16 Reasons Why Writer’s Block Happens

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Lately, I’ve seen a few posts on social media platforms being shared that are (supposedly) quotes from well-known authors. The quotes generally stick to a theme that says: writer’s block isn’t real! No worries! It’s just in your head!

That is so unhelpful for me and if I had seen those people (again, supposedly) saying that when I was much younger and newer to writing, I would have thought something was wrong with me.

So here are a few reasons why writer’s block IS real for many people and what you can do about it. (Warning—this is a long text post but I tried putting all suggested solutions in bullet points and have lots of resource hyperlinks!)

What Is Writer’s Block?

Writer’s block happens to everyone at some point. New and experienced writers eventually experience the same thing and panic because:

Writer’s block is an experience when your creative writing slows down or stops completely. It may exist for a short or long period, depending on the source of your block.

It’s okay to worry if you have writer’s block. It’s discouraging, frustrating, and can even make you question your identity as a writer.

The good news is anyone can learn how to overcome writer’s block. The first step is reflecting on what might be causing your creative blockage. 

Here are a few ideas that might seem familiar if you can’t pinpoint what triggered your writer’s block.

You Can’t Write Because: You’re Tired

Sleep affects the entire body. There’s no question that when I don’t get enough of it, my brain isn’t working as well as it normally does.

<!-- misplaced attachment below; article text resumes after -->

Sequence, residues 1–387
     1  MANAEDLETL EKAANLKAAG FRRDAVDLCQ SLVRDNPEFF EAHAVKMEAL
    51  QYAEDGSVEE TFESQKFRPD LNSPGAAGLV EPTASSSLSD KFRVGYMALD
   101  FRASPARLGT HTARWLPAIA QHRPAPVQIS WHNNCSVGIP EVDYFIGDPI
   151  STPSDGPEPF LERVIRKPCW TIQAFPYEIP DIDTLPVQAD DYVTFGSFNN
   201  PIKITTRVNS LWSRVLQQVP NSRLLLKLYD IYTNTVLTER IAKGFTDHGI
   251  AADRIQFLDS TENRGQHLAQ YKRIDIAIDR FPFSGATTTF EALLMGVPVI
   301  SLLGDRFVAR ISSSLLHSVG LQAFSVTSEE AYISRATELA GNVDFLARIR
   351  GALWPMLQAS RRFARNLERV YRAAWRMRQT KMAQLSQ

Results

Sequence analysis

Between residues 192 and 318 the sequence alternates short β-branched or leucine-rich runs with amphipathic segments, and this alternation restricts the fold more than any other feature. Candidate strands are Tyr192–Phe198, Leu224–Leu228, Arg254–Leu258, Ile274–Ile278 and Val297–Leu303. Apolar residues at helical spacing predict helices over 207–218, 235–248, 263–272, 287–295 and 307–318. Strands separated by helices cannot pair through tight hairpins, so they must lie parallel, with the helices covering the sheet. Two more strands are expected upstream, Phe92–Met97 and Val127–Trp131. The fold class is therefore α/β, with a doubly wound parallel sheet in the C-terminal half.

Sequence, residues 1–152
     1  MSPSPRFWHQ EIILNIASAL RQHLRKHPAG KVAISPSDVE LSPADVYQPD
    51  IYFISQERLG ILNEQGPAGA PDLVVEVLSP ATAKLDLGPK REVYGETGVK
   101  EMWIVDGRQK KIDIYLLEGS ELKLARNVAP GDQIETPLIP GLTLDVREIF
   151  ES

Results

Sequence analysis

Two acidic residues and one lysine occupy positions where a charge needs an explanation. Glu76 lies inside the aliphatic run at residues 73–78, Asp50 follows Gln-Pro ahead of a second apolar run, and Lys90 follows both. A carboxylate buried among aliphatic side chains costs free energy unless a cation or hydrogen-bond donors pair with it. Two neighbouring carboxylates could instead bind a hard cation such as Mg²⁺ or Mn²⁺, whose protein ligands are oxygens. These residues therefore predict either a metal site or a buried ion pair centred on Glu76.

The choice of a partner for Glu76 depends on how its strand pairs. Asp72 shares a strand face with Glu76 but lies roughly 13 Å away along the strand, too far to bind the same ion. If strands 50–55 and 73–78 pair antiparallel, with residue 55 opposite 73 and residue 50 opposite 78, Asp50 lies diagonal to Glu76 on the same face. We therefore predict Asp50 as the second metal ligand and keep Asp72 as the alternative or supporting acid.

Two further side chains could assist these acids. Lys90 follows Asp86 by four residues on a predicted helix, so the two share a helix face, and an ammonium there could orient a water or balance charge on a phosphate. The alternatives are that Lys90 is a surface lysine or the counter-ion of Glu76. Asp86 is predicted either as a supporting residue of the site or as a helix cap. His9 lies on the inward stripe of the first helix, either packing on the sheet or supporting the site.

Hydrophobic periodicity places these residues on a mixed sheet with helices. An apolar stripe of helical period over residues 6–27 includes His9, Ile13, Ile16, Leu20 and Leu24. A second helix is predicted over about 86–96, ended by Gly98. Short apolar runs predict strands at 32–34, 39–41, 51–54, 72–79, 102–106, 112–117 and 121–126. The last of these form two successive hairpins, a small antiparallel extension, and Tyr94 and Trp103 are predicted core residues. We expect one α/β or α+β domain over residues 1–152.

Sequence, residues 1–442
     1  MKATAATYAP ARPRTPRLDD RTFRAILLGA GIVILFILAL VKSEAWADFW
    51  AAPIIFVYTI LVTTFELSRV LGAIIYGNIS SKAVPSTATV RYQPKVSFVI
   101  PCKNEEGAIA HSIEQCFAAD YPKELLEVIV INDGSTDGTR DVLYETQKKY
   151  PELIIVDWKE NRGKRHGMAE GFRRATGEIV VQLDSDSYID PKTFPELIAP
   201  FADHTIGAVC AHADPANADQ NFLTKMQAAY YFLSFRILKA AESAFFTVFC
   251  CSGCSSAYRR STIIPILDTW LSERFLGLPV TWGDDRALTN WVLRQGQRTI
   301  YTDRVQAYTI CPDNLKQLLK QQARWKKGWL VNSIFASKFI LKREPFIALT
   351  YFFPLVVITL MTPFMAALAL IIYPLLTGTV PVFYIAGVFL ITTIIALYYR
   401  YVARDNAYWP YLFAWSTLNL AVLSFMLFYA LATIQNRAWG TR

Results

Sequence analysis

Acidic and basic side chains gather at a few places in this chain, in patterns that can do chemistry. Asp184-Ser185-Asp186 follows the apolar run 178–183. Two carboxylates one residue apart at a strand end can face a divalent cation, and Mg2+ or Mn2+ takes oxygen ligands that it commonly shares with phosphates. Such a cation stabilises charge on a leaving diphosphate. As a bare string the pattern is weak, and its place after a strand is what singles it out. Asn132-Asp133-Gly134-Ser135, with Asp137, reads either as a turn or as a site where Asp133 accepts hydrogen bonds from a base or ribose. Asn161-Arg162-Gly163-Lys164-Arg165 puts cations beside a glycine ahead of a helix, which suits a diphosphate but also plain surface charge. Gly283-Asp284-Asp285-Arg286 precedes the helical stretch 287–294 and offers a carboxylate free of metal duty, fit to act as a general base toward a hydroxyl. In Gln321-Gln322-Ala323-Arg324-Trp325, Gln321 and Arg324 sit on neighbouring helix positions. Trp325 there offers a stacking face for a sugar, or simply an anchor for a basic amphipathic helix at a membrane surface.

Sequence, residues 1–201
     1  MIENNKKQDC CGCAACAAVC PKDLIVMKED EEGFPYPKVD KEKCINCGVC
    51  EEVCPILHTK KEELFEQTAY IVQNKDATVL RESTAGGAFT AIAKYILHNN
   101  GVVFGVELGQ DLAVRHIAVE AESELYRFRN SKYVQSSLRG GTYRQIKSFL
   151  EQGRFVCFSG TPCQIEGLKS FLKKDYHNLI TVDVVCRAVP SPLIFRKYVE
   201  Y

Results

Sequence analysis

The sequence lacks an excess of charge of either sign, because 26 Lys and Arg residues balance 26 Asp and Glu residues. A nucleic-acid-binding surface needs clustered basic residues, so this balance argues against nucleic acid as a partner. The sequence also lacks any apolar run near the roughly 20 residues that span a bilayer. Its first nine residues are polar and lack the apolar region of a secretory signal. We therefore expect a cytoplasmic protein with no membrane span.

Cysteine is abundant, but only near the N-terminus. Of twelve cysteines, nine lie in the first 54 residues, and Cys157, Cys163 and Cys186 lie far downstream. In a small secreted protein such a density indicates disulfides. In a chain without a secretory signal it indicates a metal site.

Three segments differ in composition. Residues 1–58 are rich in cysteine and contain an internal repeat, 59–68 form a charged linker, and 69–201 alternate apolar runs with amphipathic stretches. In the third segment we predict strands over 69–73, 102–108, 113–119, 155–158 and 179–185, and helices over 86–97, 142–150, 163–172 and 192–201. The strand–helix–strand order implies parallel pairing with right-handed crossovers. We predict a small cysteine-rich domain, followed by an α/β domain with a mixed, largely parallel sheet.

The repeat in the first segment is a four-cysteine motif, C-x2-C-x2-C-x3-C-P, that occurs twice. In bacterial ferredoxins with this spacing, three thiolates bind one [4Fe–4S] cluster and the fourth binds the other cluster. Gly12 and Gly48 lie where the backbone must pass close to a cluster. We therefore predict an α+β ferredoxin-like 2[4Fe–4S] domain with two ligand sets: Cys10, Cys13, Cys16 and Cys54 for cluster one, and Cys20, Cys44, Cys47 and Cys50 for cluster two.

Let’s start this section with what everyone should acknowledge—mental health conditions absolutely prevent people from being able to use tips like “Just turn the lights off earlier!” or “Think calming thoughts while taking deep breaths to fall asleep!”

If those work for you, great. Fantastic! But if they don’t, your doctor is the best person to get advice from. They can work through symptoms with you to rule out conditions like depression and insomnia so you get the best help possible.

Besides your mental health, there are a few other ways you might not be able to fall asleep or stay asleep:

How to Overcome It

You Can’t Write Because: Your Routine Is Changing/Has Changed

When my life has gone through routine changes, my creativity has always slowed (if not stopped altogether). Switching from high school to college, from college to graduate life, and even from apartment to apartment is a big deal. My writing slows when I change jobs, see my friends less/more often, and even when the holidays come and go.

If you think this might be a repeat experience in your life, my best advice is to give yourself grace. Your brain is only trying to conserve energy and process everything that’s going on. 

How to Overcome It

You can get rid of writer’s block gently reattempting to write without expectations of what will come out of that writing session. Sometimes writing for even 30 seconds is the best thing to do until life settles back down.

It’s also completely fine to take a break. Your writing will always be with you. When you feel more settled or stable, you can start practicing again.

If you can’t come to peace with changes, I’d suggest talking with someone. You can access help for free at:

You Can’t Write Because: You’re Grappling With Indecisions